25. We may just have upped the ante from “climate carnage”

    “The country’s going to the dogs, but at least the police have cleared the M25
    David Mitchell
    The Met says Just Stop Oil are a tiny minority causing ‘disproportionate’ disruption. Isn’t environmental Armageddon enough justification?”

    I think environmental Armageddon might trump climate carnage, though it’s a close-run thing. What’s truly worrying is the views expressed, though perhaps I shouldn’t be surprised, given the author’s place as a BBC and Guardian stalwart:

    But the main idiocy is his implication that this small group of people who are consumed by the, I’m sorry to say, far from irrational terror that the planet is soon to become uninhabitable, is going to back down in fear of prison or a fine…

    …They’re stopping traffic because they think the world is ending. And unlike various religious groups down the centuries, there’s a decent chance they may be right.

    An uninhabitable planet, the world is ending (because of climate change, not the fear of nuclear war), views which apparently may be right and are not irrational. It’s going to take quite something to trump that.


  26. The latest bid from the Guardian is “climate arsonists”!

    “Banks still investing heavily in fossil fuels despite net zero pledges – study
    Financial institutions signed up to GFANZ initiative accused of acting as ‘climate arsonists’”

    Banks and finance institutions that have signed up to net zero pledges are still investing heavily in fossil fuels, research has shown, leading to accusations they are acting as “climate arsonists”.

    The Glasgow Financial Alliance for Net Zero (GFANZ) initiative was launched by the former Bank of England governor Mark Carney, as one of the main UK achievements in hosting the Cop26 UN climate summit at Glasgow in 2021.

    The UK boasted at Cop26 that 450 organisations in 45 countries with assets of more than $130tn had signed up to GFANZ, to align their investments with the goal of limiting global temperature rises to 1.5C above pre-industrial levels.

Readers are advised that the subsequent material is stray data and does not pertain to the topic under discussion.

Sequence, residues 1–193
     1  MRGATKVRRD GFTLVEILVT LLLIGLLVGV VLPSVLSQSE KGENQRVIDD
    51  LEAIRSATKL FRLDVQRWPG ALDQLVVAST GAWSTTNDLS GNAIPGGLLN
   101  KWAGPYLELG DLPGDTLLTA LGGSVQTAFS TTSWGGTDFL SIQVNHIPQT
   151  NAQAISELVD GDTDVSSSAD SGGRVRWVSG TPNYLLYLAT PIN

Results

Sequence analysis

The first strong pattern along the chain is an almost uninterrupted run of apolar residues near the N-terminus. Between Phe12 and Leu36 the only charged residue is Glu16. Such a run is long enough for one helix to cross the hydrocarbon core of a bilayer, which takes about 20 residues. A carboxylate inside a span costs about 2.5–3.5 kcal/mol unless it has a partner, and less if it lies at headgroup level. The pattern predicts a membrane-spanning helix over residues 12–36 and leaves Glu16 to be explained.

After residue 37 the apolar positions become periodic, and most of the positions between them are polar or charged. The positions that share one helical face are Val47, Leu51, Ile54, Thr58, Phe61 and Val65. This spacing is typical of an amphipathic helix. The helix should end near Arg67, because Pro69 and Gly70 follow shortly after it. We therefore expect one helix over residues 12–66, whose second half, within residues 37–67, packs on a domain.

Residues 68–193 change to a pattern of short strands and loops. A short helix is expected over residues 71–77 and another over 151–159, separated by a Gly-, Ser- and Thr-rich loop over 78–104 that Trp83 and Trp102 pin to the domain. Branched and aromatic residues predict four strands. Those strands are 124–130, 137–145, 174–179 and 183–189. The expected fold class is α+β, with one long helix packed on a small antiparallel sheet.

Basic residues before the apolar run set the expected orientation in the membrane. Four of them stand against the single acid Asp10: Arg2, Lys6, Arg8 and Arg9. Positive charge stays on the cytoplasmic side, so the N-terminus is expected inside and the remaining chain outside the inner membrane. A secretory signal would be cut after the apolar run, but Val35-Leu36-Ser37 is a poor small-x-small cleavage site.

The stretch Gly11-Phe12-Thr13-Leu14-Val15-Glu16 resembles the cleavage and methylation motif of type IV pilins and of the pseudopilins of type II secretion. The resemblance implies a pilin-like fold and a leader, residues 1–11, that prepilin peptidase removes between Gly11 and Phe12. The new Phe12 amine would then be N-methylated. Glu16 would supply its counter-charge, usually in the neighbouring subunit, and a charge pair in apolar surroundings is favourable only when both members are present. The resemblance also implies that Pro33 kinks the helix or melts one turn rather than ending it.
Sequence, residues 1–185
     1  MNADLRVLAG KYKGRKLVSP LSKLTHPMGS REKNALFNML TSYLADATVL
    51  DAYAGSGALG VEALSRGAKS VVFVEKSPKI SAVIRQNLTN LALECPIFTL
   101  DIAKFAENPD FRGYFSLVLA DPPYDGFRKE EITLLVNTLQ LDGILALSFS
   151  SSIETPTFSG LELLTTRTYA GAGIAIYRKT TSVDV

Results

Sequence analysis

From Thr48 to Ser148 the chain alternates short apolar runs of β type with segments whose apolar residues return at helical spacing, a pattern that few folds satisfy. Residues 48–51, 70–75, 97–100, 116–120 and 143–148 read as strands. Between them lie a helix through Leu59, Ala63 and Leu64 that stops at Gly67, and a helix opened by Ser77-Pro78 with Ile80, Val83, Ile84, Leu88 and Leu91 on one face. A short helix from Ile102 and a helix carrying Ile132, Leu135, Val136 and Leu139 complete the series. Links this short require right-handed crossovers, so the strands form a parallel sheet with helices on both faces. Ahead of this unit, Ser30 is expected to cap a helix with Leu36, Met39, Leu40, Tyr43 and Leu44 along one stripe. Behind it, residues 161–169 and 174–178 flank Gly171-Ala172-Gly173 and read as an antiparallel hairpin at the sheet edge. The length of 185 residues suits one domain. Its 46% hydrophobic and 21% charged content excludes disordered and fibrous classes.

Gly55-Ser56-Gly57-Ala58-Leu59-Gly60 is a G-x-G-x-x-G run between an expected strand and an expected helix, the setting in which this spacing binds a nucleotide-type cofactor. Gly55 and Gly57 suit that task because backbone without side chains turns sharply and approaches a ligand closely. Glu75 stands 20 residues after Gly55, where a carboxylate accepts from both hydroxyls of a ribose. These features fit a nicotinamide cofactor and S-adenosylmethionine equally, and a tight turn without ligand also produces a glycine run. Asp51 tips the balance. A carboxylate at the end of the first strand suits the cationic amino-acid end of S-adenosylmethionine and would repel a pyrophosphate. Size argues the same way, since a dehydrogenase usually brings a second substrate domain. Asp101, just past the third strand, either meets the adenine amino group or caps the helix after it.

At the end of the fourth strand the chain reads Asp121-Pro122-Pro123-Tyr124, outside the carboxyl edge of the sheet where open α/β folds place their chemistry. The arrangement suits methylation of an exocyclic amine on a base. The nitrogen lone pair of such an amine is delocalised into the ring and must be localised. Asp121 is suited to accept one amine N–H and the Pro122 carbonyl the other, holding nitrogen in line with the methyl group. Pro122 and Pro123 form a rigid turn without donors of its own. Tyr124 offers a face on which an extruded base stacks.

But its members have poured hundreds of billions into fossil fuels since then, according to data compiled by the pressure group Reclaim Finance.

    GFANZ is made up of numerous smaller groupings that require members to reduce their exposure to fossil fuels. But at least 56 of the biggest banks in the net-zero banking alliance grouping (NZBA) have provided $270bn to 102 fossil fuel companies for their expansion, through 134 loans and 215 underwriting arrangements, according to Reclaim Finance…


  27. and – from that link –

    “This report shows that the message on the incompatibility of net zero and fossil
    fuel expansion is yet to be taken on board by the big GFANZ players. They are
    continuing to pour hundreds of billions of dollars into the biggest corporations
    that are developing new fossil fuel projects. These projects can only be judged
    as economically viable if it is assumed that they will keep carbon flowing into the
    atmosphere for decades to come.
    The guidelines of GFANZ’s sectoral alliances, and the policies of the alliances’
    financial institution members, must urgently be upgraded to push funding away
    from fossil fuel infrastructure and toward clean energy. And as the UN Secretary
    General’s High-Level Expert Group has recommended, this redirection in finance
    must be rapid and deep — and done in a way that enhances equity, justice, empowers
    women, and respects Indigenous rights.”

    what PC Bull

    ps – Mark, they have a good open cast mine pic 🙂

    pps – (FANZ) was launched in April 2021 by UN climate envoy Mark Carney in collaboration with the UN Race
    to Zero Campaign.


  28. “‘Super-tipping points’ could trigger cascade of climate action”

    Wow, that sounds scary. But it isn’t – it’s great news It isn’t just climate that reaches tipping-points, it’s climate action too. Hurrah!

    Three “super-tipping points” for climate action could trigger a cascade of decarbonisation across the global economy, according to a report.

    Relatively small policy interventions on electric cars, plant-based alternatives to meat and green fertilisers would lead to unstoppable growth in those sectors, the experts said.

    But the boost this would give to battery and hydrogen production would mean crucial knock-on benefits for other sectors including energy storage and aviation.

    La-La Land.


  29. “‘The Breakthrough Effect: How to trigger a cascade of tipping points to accelerate the net zero transition’, developed by Systemiq in partnership with the University of Exeter and Simon Sharpe, is a contribution to Systems Change Lab with the support of Bezos Earth Fund”

    had a look at

    quote – “To achieve the Sustainable Development Goals and the Paris Agreement, we must build an economy that provides prosperity for all, stabilises the climate, and regenerates nature for generations to come.”

    La-La Land indeed, with “loads of money” maybe.


  30. dfhunter:

    “we must build an economy that provides prosperity for all, stabilises the climate, and regenerates nature”